A clinical trial to test the safety and effectiveness of a new drug, tefinostat, for patients with chronic myelomonocytic leukaemia (CMML).
CMML is an uncommon form of cancer that causes a build up of cells called monocytes in the bone marrow and blood. It mainly effects older people and the average length of survival is only 11-17 months. Most patients with CMML are unsuitable for bone marrow transplant therapy and there are currently very few other treatment options. There is a pressing need for new drug treatments which can target the abnormal monocytes without causing unacceptable side effects.
Tefinostat is a new drug, taken by mouth as a capsule, which only becomes active after it is inside monocytes. In laboratory studies, tefinostat was effective against monocyte tumours and, in a small 'phase 1' clinical trial in 18 bone marrow cancer patients, it was shown to target monocytes without causing side effects.
In this 'phase 2' trial, 40 patients with CMML will be treated at 12-15 hospitals in the UK to allow us to test the effectiveness of tefinostat in CMML as well as monitoring for side effects. Blood and bone marrow samples from patients will be tested in the laboratory to help us better understand how tefinostat works and to identify which patients are most likely to benefit in future.
The research is focused on the need for more treatment options for CMML, specifically treatment that does not cause unreasonable side effects.
The MONOCLE trial follows a simple Bryant and Day two-stage design which is based on Simon’s two-stage design but incorporates toxicity as well as clinical efficacy (futility) considerations into sample size and early stopping rules in order to avoid unnecessary exposure of patients in the event of excessive toxicity or in the absence of evidence of clinical efficacy.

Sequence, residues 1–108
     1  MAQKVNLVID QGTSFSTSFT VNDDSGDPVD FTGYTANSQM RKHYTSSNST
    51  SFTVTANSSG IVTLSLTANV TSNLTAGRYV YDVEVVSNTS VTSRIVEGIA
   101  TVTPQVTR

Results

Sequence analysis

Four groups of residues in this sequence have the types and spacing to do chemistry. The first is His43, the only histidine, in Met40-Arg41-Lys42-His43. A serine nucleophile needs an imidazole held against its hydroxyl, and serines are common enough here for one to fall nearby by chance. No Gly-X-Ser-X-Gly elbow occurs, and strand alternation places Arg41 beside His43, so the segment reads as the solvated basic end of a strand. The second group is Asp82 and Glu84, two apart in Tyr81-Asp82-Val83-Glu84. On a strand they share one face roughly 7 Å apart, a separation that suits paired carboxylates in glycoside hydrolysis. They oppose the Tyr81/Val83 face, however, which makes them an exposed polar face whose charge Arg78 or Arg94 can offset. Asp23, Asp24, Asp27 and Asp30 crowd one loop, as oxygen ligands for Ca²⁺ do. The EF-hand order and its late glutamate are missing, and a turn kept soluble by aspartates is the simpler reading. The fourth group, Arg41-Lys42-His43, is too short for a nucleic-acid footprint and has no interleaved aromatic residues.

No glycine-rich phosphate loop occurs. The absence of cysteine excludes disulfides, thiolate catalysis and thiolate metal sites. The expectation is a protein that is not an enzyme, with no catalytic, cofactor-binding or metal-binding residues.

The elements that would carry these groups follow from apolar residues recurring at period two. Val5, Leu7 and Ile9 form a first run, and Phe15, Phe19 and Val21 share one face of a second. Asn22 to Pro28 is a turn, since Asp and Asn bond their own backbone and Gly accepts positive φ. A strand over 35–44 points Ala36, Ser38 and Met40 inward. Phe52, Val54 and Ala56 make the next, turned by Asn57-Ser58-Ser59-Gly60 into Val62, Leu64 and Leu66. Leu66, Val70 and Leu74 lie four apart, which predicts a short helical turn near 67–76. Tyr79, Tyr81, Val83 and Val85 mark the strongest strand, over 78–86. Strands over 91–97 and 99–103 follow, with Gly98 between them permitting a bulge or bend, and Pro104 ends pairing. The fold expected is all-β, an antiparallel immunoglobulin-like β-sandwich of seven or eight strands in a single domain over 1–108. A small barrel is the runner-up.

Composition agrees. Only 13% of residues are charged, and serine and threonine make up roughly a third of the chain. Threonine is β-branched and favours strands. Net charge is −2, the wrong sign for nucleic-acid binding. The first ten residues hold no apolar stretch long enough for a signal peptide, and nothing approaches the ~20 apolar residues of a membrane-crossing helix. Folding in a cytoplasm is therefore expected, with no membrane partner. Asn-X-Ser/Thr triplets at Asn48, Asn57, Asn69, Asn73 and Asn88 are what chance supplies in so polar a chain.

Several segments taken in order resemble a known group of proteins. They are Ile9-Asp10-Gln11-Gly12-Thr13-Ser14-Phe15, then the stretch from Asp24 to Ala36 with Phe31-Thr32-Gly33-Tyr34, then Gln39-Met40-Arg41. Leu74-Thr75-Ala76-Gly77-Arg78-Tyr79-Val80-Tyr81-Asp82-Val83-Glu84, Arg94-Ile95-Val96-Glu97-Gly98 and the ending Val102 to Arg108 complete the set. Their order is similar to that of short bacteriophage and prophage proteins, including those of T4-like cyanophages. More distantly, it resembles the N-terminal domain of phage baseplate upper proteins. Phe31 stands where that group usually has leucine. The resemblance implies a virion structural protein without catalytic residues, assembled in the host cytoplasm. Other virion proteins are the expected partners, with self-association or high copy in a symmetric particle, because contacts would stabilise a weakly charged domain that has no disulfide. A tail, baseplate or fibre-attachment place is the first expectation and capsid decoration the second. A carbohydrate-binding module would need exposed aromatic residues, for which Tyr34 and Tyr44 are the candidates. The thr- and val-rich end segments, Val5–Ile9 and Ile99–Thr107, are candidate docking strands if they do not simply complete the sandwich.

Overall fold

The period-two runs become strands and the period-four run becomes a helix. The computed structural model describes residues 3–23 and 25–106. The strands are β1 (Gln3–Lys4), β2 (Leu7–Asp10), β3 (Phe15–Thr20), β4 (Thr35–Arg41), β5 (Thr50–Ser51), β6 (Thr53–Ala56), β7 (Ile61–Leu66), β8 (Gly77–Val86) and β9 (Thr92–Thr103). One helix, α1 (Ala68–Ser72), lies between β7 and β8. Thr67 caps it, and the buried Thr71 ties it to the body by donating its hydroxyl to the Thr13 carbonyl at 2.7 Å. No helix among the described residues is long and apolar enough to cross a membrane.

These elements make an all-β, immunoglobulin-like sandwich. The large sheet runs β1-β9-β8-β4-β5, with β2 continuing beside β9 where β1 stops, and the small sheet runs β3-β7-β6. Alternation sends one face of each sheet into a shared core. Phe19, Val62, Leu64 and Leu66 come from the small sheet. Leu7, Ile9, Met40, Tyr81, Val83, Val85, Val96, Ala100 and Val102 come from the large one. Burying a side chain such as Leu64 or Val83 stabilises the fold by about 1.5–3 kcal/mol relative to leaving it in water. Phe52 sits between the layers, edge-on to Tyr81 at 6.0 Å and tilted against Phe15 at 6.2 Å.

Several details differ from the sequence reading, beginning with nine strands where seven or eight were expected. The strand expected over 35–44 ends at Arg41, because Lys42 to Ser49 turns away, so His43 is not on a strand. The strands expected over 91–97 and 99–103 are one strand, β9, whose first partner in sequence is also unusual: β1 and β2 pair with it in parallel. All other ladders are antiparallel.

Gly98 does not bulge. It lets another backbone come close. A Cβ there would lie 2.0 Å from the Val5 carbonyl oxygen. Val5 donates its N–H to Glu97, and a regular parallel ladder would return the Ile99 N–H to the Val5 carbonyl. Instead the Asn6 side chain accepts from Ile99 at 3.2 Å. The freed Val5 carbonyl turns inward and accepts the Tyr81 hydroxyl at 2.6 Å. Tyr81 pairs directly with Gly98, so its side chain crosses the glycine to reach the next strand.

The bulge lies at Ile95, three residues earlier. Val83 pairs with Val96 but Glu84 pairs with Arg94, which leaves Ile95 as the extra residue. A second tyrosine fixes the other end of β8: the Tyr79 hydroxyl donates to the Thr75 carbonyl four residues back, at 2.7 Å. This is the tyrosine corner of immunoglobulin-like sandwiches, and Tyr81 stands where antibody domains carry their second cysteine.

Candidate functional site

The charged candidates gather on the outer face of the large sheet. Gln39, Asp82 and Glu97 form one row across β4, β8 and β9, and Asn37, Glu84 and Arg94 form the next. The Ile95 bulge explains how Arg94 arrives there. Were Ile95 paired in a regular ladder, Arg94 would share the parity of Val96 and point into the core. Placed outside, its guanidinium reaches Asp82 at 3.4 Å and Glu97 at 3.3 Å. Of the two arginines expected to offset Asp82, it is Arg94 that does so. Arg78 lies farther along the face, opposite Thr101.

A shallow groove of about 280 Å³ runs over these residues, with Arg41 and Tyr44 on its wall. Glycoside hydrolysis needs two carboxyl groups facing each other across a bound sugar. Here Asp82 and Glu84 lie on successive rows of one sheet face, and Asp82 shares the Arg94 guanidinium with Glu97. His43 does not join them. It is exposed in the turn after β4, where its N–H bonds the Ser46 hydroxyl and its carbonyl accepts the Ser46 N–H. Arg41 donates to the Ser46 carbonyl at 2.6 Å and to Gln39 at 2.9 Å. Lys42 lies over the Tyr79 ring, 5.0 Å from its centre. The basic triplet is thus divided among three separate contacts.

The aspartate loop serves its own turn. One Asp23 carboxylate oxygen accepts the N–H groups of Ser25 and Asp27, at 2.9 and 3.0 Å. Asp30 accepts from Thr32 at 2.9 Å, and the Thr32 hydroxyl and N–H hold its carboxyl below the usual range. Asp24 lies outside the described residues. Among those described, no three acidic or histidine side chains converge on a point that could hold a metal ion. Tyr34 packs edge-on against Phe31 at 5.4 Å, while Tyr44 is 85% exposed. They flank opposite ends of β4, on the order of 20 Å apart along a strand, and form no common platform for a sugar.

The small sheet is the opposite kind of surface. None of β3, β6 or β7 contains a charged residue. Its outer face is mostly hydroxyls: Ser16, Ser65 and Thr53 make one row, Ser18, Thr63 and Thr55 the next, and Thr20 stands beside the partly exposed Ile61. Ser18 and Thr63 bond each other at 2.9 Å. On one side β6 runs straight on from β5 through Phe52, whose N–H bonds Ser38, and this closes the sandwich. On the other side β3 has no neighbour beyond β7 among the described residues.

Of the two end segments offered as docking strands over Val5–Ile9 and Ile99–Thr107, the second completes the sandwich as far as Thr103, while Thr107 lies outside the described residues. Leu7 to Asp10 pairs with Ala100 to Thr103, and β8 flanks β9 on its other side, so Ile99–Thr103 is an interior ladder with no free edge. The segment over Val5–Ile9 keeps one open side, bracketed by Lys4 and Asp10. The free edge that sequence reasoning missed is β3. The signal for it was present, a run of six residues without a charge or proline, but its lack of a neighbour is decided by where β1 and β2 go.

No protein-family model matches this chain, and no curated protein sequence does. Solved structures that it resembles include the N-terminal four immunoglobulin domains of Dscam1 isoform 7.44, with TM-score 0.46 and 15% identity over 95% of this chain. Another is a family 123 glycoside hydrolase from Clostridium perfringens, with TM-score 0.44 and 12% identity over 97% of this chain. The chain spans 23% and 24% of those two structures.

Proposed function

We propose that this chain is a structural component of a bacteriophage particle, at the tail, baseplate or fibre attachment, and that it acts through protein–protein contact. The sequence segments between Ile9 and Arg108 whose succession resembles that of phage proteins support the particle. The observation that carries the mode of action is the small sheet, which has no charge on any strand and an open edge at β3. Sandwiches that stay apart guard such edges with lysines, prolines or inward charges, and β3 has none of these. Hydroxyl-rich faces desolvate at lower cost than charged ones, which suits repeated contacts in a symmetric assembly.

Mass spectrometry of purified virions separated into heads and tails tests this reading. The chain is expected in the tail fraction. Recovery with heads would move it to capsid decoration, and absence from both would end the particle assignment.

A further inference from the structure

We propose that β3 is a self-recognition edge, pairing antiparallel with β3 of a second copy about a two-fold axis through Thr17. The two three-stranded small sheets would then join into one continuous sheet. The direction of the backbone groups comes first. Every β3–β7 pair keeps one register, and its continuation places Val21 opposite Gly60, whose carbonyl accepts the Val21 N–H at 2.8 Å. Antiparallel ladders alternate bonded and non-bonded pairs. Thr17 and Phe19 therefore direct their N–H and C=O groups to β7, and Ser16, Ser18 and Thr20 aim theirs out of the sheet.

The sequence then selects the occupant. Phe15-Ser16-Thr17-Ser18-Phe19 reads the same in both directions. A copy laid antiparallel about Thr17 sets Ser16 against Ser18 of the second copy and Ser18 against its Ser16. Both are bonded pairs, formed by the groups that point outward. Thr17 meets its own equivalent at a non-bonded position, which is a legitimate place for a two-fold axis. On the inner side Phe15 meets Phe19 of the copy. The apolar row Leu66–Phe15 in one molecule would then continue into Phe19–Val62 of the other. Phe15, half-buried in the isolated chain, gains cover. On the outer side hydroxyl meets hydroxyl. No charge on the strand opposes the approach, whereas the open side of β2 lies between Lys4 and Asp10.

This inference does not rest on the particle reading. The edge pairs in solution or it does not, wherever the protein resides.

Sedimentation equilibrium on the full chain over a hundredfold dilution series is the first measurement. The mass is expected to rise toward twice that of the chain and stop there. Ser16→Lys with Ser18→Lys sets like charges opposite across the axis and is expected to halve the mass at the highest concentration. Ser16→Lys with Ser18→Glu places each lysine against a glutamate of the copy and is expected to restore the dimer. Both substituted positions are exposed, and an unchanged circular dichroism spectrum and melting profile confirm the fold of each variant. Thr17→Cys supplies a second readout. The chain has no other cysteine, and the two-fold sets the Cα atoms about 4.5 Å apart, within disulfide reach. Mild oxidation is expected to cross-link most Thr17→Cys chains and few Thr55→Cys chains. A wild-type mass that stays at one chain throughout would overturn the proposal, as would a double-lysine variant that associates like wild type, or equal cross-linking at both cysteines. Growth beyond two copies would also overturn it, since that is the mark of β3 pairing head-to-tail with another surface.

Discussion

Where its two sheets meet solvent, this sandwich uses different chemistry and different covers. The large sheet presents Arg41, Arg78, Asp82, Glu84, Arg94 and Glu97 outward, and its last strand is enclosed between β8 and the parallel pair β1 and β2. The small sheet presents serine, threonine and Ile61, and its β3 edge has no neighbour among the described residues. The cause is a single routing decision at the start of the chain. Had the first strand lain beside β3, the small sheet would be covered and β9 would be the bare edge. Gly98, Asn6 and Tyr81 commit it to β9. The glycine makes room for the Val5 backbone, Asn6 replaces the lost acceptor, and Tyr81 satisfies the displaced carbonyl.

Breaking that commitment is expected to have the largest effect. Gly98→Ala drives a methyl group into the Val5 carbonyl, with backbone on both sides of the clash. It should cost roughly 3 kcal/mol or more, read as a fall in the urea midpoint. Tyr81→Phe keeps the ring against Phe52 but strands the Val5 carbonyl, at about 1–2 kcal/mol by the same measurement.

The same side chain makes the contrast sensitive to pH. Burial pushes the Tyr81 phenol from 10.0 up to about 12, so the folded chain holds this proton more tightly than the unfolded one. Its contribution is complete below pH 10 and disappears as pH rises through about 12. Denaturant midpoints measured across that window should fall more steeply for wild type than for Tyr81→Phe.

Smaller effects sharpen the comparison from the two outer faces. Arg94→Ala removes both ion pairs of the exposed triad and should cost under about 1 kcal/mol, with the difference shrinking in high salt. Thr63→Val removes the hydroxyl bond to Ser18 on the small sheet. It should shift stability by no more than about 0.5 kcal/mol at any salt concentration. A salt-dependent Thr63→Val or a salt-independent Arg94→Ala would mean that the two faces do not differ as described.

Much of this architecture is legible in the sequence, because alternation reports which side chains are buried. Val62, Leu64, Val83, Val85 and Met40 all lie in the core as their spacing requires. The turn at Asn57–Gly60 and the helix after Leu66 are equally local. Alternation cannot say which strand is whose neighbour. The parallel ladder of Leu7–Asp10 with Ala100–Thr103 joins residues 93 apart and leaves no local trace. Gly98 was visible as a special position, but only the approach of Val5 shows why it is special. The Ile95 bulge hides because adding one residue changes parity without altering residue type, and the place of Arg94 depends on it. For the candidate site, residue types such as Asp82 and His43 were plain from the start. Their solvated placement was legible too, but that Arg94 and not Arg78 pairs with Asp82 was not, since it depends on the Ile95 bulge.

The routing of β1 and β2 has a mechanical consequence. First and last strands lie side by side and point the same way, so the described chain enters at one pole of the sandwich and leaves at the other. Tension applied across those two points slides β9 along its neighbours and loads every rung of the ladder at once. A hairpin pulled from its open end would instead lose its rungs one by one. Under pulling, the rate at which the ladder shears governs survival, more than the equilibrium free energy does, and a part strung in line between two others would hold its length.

Given the relatively low numbers of patients treated to date, we feel it is important to now employ a simple single arm phase 2 design to establish safety and efficacy in the context of CMML, building in an early-stopping rule in order to avoid unnecessary exposure of patients in the event of excessive toxicity or in the absence of evidence of clinical efficacy.
Involving the public and patients
We were fortunate enough to work with an excellent patient representative with CMML, who is also professionally experienced at writing scientific information for lay people. She helped us review and adapt our patient information sheets to make them as patient friendly as possible and gave feedback to us from ethics committee comments.
Our patient information sheets are far more patient-friendly and effective after the input from our patient representative. This will mean participants on our trial will be far better informed of the trial and will have a much more positive experience of taking part in research as a result.
|End date||1 Sep 2018|